TIRANA (Reuters) - Sara, a 26-year-old woman from Tirana, is reluctant to talk about her love life with friends and family as they cannot understand her attraction to people of the same sex.
Like other Balkan countries aiming to become members of the European Union, Albania must demonstrate its readiness to protect human rights, and has passed laws against discrimination because of sexual orientation.
In a largely patriarchal society, however, those who are open about their sexual orientation are often judged by family and friends.
“Any kind of relationship that is not crowned with starting a family is totally unacceptable,” Sara, who gave only her first name to protect her identity, told Reuters.
Sara said the dream of every LGBT person was “to come out openly in a close social network or family”. Because of prejudice, however, some people like her opted to keep a low profile.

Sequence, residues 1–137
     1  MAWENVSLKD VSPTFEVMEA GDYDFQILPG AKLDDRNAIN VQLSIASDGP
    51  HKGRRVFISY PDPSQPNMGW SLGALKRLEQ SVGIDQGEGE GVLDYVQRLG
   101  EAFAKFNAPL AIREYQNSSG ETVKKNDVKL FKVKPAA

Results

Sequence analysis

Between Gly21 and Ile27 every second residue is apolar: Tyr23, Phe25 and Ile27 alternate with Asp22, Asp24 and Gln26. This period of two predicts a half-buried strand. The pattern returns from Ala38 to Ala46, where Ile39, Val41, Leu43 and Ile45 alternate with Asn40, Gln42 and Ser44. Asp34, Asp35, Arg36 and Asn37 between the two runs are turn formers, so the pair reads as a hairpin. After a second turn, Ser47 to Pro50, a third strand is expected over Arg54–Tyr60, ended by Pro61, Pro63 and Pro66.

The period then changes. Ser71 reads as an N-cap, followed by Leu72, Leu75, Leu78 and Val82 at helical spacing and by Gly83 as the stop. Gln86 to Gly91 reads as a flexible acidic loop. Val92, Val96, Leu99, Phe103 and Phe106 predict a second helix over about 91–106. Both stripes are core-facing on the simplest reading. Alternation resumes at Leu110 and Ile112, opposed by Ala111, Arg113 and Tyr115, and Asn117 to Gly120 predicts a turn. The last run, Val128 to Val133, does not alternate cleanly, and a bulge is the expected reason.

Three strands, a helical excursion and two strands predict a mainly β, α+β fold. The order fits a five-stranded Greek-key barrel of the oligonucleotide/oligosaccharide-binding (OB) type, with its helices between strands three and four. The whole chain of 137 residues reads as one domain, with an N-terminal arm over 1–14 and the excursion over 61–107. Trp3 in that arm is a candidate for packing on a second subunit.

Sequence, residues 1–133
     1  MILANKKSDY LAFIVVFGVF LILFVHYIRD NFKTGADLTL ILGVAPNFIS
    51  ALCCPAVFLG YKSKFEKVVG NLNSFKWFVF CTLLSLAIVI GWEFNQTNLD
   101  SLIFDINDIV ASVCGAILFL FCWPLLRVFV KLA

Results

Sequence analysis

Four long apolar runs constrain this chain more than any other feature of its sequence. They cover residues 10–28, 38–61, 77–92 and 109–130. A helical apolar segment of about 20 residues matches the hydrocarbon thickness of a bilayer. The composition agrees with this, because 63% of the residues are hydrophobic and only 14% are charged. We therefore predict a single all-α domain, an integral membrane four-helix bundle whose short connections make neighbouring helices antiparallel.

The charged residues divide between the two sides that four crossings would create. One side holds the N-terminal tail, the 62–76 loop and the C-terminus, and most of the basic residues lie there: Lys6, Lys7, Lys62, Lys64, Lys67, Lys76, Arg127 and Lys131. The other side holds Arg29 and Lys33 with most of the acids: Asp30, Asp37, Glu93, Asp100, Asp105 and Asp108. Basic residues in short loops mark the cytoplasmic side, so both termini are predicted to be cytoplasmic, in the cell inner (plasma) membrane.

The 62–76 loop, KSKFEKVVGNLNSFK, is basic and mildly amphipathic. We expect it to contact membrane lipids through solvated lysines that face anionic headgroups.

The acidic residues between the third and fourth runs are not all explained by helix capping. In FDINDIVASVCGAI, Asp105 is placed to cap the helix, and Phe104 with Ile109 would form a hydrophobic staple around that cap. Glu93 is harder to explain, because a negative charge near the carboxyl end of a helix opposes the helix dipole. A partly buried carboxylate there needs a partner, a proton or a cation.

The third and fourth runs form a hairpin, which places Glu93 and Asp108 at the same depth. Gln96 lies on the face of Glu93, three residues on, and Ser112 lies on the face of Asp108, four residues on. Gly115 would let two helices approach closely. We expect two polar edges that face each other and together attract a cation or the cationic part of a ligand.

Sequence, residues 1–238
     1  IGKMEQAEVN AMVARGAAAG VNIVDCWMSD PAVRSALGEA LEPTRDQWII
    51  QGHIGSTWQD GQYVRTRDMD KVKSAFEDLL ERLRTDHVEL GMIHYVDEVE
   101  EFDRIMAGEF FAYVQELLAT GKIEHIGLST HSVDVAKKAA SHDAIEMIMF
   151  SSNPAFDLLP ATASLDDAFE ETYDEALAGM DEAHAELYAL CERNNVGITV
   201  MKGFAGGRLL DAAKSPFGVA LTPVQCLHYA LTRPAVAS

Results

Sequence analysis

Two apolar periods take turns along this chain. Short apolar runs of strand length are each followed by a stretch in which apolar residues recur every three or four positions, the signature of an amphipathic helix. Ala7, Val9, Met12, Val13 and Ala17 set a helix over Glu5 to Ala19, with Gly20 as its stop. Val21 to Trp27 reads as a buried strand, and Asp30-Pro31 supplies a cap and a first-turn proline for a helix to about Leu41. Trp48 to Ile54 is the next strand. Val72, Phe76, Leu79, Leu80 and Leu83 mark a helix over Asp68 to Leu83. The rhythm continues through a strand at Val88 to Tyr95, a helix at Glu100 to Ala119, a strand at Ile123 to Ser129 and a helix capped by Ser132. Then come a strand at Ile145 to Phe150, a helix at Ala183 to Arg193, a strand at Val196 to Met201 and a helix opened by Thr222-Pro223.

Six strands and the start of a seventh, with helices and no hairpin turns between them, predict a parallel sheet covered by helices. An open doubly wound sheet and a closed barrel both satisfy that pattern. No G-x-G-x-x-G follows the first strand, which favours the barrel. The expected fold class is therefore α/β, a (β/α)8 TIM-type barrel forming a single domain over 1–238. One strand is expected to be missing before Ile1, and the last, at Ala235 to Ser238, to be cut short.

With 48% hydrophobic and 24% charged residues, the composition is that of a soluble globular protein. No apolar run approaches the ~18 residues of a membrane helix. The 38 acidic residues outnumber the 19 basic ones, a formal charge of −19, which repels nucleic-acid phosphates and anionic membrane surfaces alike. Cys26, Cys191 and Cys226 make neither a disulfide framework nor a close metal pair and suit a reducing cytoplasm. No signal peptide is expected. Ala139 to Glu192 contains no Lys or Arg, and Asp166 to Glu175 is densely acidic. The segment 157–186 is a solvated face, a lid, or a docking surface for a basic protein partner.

A survey by the Streha organisation which offers shelter to LGBT community members found that 80% of 200 LGBT respondents had considered leaving Albania.
A 2021 report by ILGA gay rights organisation, which bring together over 600 groups from 54 countries in Europe and Central Asia, said that discrimination against the LGBT population in Albania had increased since the start of the COVID-19 pandemic.
Another study, by Abania’s Alenacea non-governmental organisation, found one in two LGBT community members had experienced psychological violence and bullying, one in five had been sexually harassed and some had been raped, the ILGA report said. Only 7% reported the incidents to the authorities.
“Another problem lies in access to health care,” Xheni Karaj, an LGBT activist, told Reuters.
“When I took transgender people to the hospital, the doctors said why not let these people die.”
Reporting by Flrian Goga; Writing by Ivana Sekularac, editing by Ed Osmond
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